Q. Dear Sven,

In one of your previous articles, you explained the potential benefits and pitfalls of buying stocks on the stock exchange in Vietnam. You also mentioned a few companies that could potentially produce attractive returns for investors.

I am a novice investor and do not have the time for my own  portfolio management. I am also afraid that holding individual stocks might not diversify my investment portfolio sufficiently according to my risk profile (I don’t like taking too much risk), and would leave me prone to experiencing losses that I would like to avoid.

I have read that mutual funds and Exchange Traded Funds (ETFs) give beginners easier, less risky access to financial markets. Could you explain a bit more about these, and which options I could potentially access locally and internationally?


Sven Roering, Managing Partner at Tenzing Pacific Investment Management, advises:

A: Hi Lewis,

Your question is extremely relevant to any individual with any form of investable capital available to them, as mutual funds and ETFs have become extremely popular options for savvy portfolio management, both in Vietnam and abroad.

Mutual funds and ETFs are both collective investment vehicles. In the days before collective investment vehicles, individuals would access financial markets mainly through a stockbroker and hold a few individual stocks which a broker would sell to them without any consideration for their risk profiles or return objectives. This led to a market situation where too many individuals, unsophisticated investors participated directly in the market, traded mainly on rumors and speculation, which lead to asset bubbles and subsequent market collapses – such as the Wall Street crash of 1929.

Mutual fund 101

A mutual fund is set up by a group of professional investors who agree to buy company stocks or any other investable securities according to a strict set of rules. The rules dictate the level of risk the portfolio manager will be able to take on the investment, as well as the type of securities he or she will be able to buy.

Mutual funds will usually comprise of securities purchased using capital provided by those who manage the fund, and the fund will also be open to the public to allow outside investors to purchase a share of the fund and enjoy a proportion of the returns.

You can buy shares or ‘units’ in local funds which invest in stocks and bonds in Vietnam. An advisable option is the Vietnam Equity Fund managed by Dragon Capital. This fund is UCITS-compliant, which means it conforms to European regulatory and disclosure standards. You could buy units directly through the company, or on various fund platforms available globally.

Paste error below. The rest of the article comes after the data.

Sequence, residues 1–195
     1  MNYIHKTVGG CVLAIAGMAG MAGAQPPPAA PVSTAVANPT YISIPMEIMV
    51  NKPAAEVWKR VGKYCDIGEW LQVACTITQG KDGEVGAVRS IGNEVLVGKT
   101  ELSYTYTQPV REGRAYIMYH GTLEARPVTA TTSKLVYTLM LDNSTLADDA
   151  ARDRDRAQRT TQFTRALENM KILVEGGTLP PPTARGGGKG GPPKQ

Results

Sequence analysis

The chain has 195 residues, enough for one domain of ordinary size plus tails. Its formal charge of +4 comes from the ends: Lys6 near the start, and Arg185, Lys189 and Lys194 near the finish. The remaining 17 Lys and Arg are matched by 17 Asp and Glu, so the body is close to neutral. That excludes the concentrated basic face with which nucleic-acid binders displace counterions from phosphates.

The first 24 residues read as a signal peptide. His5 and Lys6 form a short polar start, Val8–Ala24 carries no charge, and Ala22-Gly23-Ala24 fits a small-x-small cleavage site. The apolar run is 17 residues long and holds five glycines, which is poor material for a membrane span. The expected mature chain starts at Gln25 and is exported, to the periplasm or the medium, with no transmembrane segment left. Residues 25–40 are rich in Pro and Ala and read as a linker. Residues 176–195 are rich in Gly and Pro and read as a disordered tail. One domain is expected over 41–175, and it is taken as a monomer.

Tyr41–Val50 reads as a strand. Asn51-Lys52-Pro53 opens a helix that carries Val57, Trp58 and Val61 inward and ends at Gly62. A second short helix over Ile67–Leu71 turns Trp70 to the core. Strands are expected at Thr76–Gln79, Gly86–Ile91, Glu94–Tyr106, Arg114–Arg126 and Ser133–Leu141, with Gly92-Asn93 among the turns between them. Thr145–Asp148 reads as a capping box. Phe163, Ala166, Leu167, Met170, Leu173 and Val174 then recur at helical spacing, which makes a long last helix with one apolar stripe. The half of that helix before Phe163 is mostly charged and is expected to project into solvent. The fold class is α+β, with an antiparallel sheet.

If you would like to buy shares or units of funds internationally, you could do so through platforms such as insurance wrappers or fund supermarkets, which would be available from your independent financial adviser.

ETF 101

ETFs operate in a similar manner to mutual funds. However, instead of investors buying units or shares from the company which operates the fund, shares of the fund are traded publicly on a stock exchange, just like any company share.

The price of an ETF share is therefore subject to the laws of supply and demand (whereas the price of mutual fund shares are directly related to the value of assets held in the fund). With an ETF, the assets currently held in the ETF could have a relatively high value; but if other investors believe that the price of these assets will fall in the future, this will have a negative impact on the current price of that ETF share. When it comes to a mutual fund, on the other hand, if the assets currently held in a fund have a relatively high value, the value of one share in the fund will be proportionately high.

An example of a ETF listed in Vietnam is the SSIAM HNX 30, managed by Saigon Securities. The fund aims to track the performance of the 30 biggest companies listed in Hanoi. You will often find that many mutual funds will hold ETFs in their portfolios.

Mutual funds and ETFs are fantastic options for novice (and even experienced) investors to save and compound wealth over the mid-to-long-term. However, as with any investment, it is important to conduct the necessary due diligence on the specific aspects of a fund before investing. When choosing a fund, it’s critical to use research from third-party sources to assess the experience of the fund manager, strategy, investment holdings and historical risk-adjusted returns.

For independent, professional financial advice, don’t hesitate to get in touch with TPIM for private wealth management across Southeast Asia and beyond: http://tpim.co/contact-us/.

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